For whatever reason, certain old relics of the Roman Empire have pulled me towards them. The Aya Sofia, the Pont du Gard, various ruins in Africa and the Mideast, not to mention all of the good stuff in Italy.
But the wall that Hadrian built...well, that's just special. The idea was to put a firm barrier between the end of the Roman empire and the barbarian tribes of the North. The narrowest part of what is now England became a huge military zone as legions of soldiers constructed this enormous wall stretching from sea to sea over 86 miles. It was well-fortified, with forts and milecastles and manned turrets keeping a watchful eye to the lonely north. Somehow, this only took six years to build, and considering that it was 10-20 feet wide and 11 feet high, with taller structures spaced out evenly along the wall, I stand impressed. It takes me a year to make a pair of socks sometimes.
By AD 410, Rome had started to collapse. The northern frontier was abandoned, and the enormous wall was scavenged for building material over the centuries, knocked down to make way for roads, and cleared away for easier passage to the now-civilized North.
Today, parts of the wall still stands, bravely, against the elements. Its surrounded by houses and towns and castles built with recycled wall stone. It's a well-trodden National Trail that you can follow across England, and a UNESCO site.
I decided I was going to walk this trail.
At first, my plan was to walk the entire thing from coast to coast. After doing some research, I dropped that idea in favor for just walking the middle section. Here, the wall remains more intact, the countryside wilder. Lopping off the two big cities at the ends saves a couple days of having to walk through urbananity: Carlisle and Newcastle, neither have ever been mistaken for being "The Paris of the North". Kind of cheating, but I really dislike roadside hiking, and I'd rather get right to the good stuff.
I hemmed and hawed and planned my route with some web resources and an OS map. I decided to plan the trip from West to East as to have the wind at our backs- its much easier to have the rain pelting your backside then bearing the brunt of it with your eyes peering out under your hood, and it can be exausting walking for days head-on with the wind.
We started out taking the train from London to Newcastle. This would have been fine except everyone and their mothers was trying to get up North to Leeds to catch the start of the Tour de France. Thanks, France. Three hours on a cramped, airless, body-odor sealed tube did not a happy camper make. It seemed like everywhere you turned, there was an elbow to knock into.
Once we hit Newcastle; cool damp bliss. We hopped a local train another hour and a half to the town of Haltwhistle, on the Cumbria Northumberland border.
This is a former mining area, with rows and rows of houses, built kissing-close and identical, yet surrounded by countryside.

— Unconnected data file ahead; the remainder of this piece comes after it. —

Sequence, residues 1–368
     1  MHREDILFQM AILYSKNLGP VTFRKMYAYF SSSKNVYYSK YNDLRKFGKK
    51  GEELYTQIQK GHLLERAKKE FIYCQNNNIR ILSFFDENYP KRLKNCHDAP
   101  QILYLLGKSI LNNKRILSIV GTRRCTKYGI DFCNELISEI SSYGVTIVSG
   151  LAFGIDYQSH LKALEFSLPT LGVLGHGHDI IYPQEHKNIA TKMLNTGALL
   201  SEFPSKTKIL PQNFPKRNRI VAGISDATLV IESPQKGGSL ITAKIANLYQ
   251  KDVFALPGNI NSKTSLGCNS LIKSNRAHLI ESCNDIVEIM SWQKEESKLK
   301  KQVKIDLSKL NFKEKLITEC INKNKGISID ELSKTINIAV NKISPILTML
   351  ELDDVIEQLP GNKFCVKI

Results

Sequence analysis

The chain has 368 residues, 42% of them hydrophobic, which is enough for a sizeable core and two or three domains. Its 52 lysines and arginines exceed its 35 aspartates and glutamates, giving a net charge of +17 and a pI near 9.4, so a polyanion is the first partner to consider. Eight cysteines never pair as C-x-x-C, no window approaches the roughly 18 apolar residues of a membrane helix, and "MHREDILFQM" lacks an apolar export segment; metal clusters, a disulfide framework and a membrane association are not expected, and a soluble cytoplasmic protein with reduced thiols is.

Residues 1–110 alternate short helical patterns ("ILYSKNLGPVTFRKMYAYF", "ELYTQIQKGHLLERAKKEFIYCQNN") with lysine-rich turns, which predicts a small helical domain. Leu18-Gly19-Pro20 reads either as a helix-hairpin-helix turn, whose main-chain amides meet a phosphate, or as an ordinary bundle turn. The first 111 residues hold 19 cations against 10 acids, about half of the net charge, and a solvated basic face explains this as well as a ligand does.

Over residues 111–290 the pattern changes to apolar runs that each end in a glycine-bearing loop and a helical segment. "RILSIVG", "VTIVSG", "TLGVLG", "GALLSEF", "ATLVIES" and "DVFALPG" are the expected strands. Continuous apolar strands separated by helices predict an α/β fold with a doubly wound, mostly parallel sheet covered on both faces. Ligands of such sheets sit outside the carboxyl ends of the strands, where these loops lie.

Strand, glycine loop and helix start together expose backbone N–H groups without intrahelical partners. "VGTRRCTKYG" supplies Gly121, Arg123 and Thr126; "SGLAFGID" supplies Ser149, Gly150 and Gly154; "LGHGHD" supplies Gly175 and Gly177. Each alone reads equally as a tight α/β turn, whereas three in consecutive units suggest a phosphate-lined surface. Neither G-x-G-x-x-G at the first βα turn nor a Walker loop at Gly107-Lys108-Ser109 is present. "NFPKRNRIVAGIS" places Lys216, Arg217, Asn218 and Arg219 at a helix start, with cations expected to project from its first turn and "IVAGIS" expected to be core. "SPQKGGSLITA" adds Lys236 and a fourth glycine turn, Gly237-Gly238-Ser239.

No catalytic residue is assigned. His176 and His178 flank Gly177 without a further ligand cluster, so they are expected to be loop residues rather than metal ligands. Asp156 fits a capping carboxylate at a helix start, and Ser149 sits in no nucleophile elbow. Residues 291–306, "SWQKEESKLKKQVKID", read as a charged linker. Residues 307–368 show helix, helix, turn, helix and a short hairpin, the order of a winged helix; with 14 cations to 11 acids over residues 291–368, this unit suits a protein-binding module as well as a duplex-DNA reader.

Our first night was in the tiny hamlet of Greenhead, and we used the OS map to connect footpaths to stay off the main roads as much as possible to get there.
We were also very close the the Cheviot region, and there were lots of Cheviot sheep to be seen, along with Leicester Longwools, Dales, Blackface and Blueface Leicesters.
And there were birds! I saw a spectacular amount of birds. Oddly enough, not a single bird of prey, but pretty much everything else.
|Even the horses wear Macs here...|
Once again, I was amazed at just how lovely the countryside is here. Never as dramatic as Switzerland, but just bucolic and postcard-pretty.
It was a lonely walk. We saw no one except a couple passing motorist the entirety of the 6 mile amble. It's always amazing that in a tiny country of 53 million, you can walk for hours and not see a soul.
We ended up taking a round-about way on public bridleways and joined up with the Hadrian's wall trail for a bit. After that hellish first train ride, I was more than happy to stretch my legs and get a couple of hills in. In the distance, the ridgeline with the remaining bits off wall stretching across the top.
Most of what remains in parts of the wall from this place onward is a large ditch that was dug for extra defense, and sometimes, nothing remained at all as years of road building and human activity tamped out any remaining trace of it. In the distance, you can see the tiny hamlet of Greenhead: a neat cluster of former miner's homes. There were many, many cows who stupidly watched us pass, and one enormous bull. They don't seem to care at all that we are nearby, but perhaps all the ultra-aggressive bulls I've seen in Arles and beyond always makes me a bit jittery to be walking right past one in such an open area.
|The ditch that some very determined Romans dug|
Thankfully, Nigel at the Four Wynds was friendly and accommodating and knowledgeable about the area, and happy to give us the low-down on prehistory Avalonia to the Romans to the coal industry, all the way up to the nearby rocket building site nearby.
I can imagine this being a very cold, dark and tiring place in January. But on a breezy cool day in early July, I couldn't imagine anyplace finer. We dropped our bags and headed another mile down the road to the only pub in town for a cozy pint and eat-it-and-like-it-or-else sort of food.